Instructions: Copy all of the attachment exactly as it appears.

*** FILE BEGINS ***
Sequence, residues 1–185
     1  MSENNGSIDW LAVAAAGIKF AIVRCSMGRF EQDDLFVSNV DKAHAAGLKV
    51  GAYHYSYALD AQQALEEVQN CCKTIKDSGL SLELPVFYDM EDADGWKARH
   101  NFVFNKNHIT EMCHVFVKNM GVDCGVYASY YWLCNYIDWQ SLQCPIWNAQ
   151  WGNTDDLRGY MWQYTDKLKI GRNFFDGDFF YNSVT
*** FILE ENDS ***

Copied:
Sequence, residues 1–185
     1  MSENNGSIDW LAVAAAGIKF AIVRCSMGRF EQDDLFVSNV DKAHAAGLKV
    51  GAYHYSYALD AQQALEEVQN CCKTIKDSGL SLELPVFYDM EDADGWKARH
   101  NFVFNKNHIT EMCHVFVKNM GVDCGVYASY YWLCNYIDWQ SLQCPIWNAQ
   151  WGNTDDLRGY MWQYTDKLKI GRNFFDGDFF YNSVT